Substance Use Disorder

Sarah Gibson for NHPR

 

A group of providers and staff with the Department of Health and Human Services are re-examining the state’s model for how to treat young people with substance use disorders and mental health challenges, following the closure last month of the state’s sole addiction treatment center for youth. 

Sarah Gibson for NHPR

 

Officials in New Hampshire are moving forward with efforts to reduce vaping and tobacco use among teens in advance of state and federal laws raising the minimum purchasing age in 2020.

On January 1, the age for purchasing tobacco and vape products in New Hampshire will increase to 19. 

Sarah Gibson for NHPR

 

The New Hampshire Department of Health and Human Services has released a report into a series of non-fatal overdoses at the state's sole residential youth addiction treatment center last month.

The report says that most of the overdoses at the Granite Pathways Youth Treatment Center in Manchester were from a drug that one resident smuggled in after visiting their family over the weekend of November 23.

Sarah Gibson for NHPR

Federal officials are still looking into the causes of vaping-related deaths around the country, but in New Hampshire, schools are continuing to see a surge in teenage vaping.

The Centers for Disease Control and Prevention reports a quarter of high schoolers here are vaping at least occasionally. That’s nearly twice the national average. And schools and public health advocates are struggling to find a way to get teenagers to stop.


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Congress is expected to vote on a government spending bill this week that would allow money earmarked for opioid use disorder to be used to treat other addictions. The provision, authored by Sen. Jeanne Shaheen, comes in response to concerns that federal money coming into New Hampshire was too narrowly tailored to the opioid crisis.

Sarah Gibson / NHPR

After at least two overdoses by teenagers in their care, the state health department canceled its contract with the organization Granite Pathways, which was running a drug treatment facility at the Sununu Youth Services Center in Manchester.  

Courtesy of American Medical Response

 

More people in Manchester and Nashua have been using Narcan this year to revive someone who has overdosed on opioids

The data comes from American Medical Response, which provides emergency response services in southern New Hampshire.

AMR says that for the fourth consecutive month, a record number of people have used Narcan after an overdose before first responders arrive. 

Sarah Gibson for NHPR

 

New Hampshire is terminating its contract with the state's sole addiction treatment facility for youth and temporarily suspending all admissions after teenagers staying there overdosed and were rushed to the hospital earlier this week.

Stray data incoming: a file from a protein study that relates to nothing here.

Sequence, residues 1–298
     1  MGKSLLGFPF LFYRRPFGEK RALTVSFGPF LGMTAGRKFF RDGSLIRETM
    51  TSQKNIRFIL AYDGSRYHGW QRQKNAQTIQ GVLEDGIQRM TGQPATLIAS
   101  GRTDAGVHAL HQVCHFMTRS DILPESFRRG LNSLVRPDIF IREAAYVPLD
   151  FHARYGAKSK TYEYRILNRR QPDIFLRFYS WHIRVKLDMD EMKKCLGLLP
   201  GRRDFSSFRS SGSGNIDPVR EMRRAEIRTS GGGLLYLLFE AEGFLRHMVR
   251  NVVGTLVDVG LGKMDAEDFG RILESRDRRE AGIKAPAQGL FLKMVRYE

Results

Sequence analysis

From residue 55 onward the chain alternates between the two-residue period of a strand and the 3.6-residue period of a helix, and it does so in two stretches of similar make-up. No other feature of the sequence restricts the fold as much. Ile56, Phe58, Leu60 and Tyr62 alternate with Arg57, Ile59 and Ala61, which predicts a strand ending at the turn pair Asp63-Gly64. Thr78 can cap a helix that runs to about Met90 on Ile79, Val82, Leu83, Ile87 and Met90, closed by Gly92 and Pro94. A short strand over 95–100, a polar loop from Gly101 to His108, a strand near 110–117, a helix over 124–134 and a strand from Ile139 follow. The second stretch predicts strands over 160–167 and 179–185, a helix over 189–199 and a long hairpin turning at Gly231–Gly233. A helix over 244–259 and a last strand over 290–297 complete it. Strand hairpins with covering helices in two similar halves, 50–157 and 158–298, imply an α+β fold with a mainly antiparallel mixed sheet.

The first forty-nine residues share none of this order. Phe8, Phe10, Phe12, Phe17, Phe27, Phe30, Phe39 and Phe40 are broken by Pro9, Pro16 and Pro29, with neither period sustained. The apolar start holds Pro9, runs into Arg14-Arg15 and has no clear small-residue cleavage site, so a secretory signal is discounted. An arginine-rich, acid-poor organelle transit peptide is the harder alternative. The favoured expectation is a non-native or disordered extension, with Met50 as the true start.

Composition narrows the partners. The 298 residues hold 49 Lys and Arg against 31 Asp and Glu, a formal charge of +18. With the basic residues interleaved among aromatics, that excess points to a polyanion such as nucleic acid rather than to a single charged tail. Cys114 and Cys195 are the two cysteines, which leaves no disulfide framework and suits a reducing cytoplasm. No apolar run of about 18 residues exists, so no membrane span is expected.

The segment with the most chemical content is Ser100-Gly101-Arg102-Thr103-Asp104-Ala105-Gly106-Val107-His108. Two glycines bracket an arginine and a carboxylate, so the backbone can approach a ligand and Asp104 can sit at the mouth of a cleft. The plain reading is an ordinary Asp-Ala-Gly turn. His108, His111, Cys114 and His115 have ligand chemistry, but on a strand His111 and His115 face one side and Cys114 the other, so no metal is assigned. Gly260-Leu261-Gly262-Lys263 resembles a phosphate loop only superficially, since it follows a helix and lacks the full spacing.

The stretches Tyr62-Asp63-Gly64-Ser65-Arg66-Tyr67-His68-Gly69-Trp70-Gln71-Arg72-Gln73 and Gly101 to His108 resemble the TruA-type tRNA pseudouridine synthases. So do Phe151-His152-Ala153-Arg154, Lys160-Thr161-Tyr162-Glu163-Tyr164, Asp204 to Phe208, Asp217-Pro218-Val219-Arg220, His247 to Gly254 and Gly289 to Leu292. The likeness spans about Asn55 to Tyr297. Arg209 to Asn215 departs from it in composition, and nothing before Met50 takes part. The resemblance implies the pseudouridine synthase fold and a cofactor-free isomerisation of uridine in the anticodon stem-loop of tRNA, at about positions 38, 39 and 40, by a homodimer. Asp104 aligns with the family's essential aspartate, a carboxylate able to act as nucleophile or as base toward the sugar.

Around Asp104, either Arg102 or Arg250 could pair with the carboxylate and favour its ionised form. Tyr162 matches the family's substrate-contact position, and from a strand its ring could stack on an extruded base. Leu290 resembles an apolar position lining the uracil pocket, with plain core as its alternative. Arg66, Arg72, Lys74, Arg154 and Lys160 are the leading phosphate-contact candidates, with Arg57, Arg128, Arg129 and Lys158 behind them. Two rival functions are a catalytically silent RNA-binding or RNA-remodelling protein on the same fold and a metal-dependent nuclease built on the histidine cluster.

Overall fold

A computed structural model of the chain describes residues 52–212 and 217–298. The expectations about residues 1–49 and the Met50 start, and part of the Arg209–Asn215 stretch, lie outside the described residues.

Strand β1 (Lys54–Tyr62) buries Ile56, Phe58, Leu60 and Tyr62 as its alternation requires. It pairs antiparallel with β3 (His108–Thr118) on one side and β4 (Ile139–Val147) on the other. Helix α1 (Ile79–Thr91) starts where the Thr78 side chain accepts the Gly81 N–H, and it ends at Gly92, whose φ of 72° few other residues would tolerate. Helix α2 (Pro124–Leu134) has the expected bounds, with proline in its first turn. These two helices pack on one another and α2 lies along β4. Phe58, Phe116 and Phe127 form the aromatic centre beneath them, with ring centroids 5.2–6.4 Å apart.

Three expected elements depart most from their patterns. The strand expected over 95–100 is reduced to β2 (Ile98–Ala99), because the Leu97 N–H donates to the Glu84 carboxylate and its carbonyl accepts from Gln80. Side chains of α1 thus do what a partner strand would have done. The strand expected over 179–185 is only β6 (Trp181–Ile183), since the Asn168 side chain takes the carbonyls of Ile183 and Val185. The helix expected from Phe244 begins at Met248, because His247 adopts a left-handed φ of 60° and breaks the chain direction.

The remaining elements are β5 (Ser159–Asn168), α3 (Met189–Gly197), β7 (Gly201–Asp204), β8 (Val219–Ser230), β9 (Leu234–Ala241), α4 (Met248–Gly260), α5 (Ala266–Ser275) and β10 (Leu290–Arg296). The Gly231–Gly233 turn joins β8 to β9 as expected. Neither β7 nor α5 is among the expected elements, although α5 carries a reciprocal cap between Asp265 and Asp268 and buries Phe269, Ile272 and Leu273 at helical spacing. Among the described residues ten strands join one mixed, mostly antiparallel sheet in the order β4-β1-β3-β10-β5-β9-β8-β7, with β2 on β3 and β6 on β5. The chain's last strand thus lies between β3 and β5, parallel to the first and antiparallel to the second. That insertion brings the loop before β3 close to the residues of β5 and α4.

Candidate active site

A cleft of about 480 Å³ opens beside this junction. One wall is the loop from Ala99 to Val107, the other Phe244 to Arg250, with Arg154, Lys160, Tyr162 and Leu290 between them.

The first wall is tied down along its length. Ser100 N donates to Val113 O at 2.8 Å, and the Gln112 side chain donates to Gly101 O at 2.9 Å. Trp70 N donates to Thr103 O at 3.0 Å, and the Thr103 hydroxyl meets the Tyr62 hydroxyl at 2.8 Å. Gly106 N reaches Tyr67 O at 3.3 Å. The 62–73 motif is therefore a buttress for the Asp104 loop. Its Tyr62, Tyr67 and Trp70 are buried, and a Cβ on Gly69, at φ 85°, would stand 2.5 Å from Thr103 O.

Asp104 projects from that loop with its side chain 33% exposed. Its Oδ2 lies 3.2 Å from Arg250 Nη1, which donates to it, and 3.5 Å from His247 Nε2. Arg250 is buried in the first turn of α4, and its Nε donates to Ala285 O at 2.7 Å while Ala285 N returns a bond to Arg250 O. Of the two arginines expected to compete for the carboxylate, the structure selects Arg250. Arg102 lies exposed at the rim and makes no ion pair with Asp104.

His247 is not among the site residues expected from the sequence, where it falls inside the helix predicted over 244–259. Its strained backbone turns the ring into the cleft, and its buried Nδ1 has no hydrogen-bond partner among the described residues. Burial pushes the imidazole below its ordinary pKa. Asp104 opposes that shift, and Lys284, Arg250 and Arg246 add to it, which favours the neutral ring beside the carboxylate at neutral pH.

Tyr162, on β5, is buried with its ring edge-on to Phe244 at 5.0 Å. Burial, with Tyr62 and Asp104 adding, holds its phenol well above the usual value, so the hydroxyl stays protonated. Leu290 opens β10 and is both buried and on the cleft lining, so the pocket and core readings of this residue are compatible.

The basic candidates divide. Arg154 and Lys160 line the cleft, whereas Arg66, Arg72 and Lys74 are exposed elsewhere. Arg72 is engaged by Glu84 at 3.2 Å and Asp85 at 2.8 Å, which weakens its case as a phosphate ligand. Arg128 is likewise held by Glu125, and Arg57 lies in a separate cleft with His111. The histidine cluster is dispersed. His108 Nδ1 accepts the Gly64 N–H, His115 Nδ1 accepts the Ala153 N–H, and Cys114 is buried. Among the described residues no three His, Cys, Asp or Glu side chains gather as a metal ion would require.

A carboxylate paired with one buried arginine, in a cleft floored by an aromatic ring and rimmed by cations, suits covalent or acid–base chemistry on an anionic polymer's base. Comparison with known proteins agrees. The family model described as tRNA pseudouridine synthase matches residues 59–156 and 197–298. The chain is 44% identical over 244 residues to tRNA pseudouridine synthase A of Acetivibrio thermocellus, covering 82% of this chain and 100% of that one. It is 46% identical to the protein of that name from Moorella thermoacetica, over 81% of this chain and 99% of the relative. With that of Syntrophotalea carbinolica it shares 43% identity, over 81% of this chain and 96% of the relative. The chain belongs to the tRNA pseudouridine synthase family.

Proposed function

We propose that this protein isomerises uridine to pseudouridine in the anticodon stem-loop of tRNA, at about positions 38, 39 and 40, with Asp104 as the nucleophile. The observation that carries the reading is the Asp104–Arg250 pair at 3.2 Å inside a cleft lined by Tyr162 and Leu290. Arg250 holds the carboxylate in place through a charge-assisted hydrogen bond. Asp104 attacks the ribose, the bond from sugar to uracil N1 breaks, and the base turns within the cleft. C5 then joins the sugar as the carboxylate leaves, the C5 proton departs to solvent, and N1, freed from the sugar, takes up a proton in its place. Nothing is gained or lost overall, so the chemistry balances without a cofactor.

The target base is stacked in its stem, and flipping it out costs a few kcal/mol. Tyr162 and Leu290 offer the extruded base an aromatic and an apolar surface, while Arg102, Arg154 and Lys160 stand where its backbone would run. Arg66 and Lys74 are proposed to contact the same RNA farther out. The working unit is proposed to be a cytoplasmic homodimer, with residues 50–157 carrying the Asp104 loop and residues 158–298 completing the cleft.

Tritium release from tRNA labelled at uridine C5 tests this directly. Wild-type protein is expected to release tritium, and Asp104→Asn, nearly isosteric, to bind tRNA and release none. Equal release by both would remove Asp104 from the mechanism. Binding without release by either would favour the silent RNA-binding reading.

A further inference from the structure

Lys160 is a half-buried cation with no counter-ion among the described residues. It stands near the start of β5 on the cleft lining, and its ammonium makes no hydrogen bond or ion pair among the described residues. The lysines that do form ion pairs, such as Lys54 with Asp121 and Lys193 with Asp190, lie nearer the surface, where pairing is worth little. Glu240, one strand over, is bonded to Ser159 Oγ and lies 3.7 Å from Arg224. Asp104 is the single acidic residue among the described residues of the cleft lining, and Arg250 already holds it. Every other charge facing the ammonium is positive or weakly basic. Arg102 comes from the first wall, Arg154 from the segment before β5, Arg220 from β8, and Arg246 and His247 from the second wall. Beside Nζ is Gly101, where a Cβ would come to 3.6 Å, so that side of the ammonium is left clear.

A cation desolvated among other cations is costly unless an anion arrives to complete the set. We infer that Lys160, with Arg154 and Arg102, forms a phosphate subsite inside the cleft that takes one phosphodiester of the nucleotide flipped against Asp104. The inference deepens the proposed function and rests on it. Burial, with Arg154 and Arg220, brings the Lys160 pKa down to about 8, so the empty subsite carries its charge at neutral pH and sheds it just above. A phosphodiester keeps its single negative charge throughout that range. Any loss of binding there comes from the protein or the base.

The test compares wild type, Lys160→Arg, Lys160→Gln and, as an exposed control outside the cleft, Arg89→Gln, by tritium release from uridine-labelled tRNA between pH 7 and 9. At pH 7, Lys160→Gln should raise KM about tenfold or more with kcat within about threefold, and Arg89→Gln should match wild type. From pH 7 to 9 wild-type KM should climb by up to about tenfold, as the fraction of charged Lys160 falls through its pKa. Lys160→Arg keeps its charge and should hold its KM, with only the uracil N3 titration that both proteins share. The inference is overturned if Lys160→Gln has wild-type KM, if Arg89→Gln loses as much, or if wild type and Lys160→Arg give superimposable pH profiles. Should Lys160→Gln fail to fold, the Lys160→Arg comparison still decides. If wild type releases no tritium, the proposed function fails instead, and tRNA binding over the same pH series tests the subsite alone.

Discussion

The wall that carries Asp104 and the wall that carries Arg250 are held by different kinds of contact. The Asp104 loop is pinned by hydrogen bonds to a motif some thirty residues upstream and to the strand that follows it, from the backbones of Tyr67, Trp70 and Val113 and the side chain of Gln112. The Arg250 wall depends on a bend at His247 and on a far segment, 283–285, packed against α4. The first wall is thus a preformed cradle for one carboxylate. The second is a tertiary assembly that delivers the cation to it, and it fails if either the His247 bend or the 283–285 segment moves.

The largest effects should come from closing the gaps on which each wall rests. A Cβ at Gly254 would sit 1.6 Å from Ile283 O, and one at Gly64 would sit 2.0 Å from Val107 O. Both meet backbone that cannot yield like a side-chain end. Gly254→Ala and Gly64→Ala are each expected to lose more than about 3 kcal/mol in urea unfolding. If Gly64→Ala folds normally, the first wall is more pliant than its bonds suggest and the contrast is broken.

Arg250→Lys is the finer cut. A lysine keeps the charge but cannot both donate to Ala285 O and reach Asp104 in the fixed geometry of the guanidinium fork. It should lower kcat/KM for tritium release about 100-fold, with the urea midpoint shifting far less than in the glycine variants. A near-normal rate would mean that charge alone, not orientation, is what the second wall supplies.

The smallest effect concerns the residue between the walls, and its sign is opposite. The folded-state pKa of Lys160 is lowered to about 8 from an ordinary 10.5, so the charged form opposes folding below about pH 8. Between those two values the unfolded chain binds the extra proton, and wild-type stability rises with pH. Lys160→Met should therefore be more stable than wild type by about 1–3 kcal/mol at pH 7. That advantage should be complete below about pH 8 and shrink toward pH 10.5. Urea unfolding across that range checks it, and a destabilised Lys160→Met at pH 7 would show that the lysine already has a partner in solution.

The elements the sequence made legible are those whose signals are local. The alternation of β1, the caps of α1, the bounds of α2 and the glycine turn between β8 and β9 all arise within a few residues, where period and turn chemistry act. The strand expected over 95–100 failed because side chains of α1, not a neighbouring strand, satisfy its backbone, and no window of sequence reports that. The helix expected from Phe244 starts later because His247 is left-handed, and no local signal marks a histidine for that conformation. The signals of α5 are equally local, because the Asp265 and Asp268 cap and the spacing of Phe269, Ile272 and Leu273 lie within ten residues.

On Wednesday, DHHS Commissioner Jeffrey Meyers told reporters that swift action was neccessary against Granite Pathways, the organization running the center.

NHPR File Photo

Carroll County Commissioners voted 2 to 1 Wednesday against continuing the county jail's current Medication Assisted Treatment program, also known as MAT. MAT provides anti-opioid medications, along with counseling and therapy, to help people with substance use disorders.

Rockingham, Strafford, Cheshire, Grafton and Sullivan counties, along with the state prison in Berlin, and the men and women’s prison in Concord, currently offer this type of treatment.

Carroll County's MAT program has been in limbo since commissioners voted 2 to 1 in October against having an MAT policy.

NHPR File Photo

Carroll County Commissioners voted two to one last Wednesday against a policy that would provide medication assisted treatment to inmates who aren't on that program before they get to jail.

But the Carroll County Jail superintendent still plans to move forward with the proposed policy. 

Medication assisted treatment provides anti-opioid medications, in combination with counseling and behavioral therapies, to help people dealing with substance use disorders.

Narcan, also known as naloxone, is an anti-overdose drug.
Paige Sutherland for NHPR

 

Documented opioid overdoses in Manchester and Nashua are on the decline, but in Manchester, overdose deaths are increasing.

New data from the emergency response group American Medical Response shows a mixture of progress and struggle for those coping with opioid use disorder and the agencies tasked with supporting them.

Emily Corwin for NHPR

 

New Hampshire's state prisons are expanding medically assisted treatment for alcohol and opioid use disorders. The program will be funded with around $2 million from a federal State Opioid Response grant focused on improving treatment and recovery initiatives across the state.

Sarah Gibson for NHPR

Natacha Davis is juggling a lot these days. She’s living with her mom, raising her three kids, and training to become a recovery coach to help people overcome addiction.

On a recent evening, she was running out the door for an A.A. meeting in Nashua. As she grabbed her keys, she peered into a Puerto Rican plantain stew simmering on the stove.

“Mom is the food done yet?”

“Not yet!” Her mom answered.

“Alright Mom. I love you. I’ll be back,” Davis opened the door. “You heard me? I love you.”

Cheryl Senter / NHPR

 

Inmates with substance use disorder will now have someone to help them get recovery services after they leave state prison.

The initiative was piloted in 2018 in the women's prison in Concord and is now expanding to the men's prison in Berlin.

Department of Corrections Commissioner Helen Hanks says re-entry coordinators are needed because so many people in prison are struggling with addiction and many are in recovery. They face a high chance of recidivism or overdosing post release.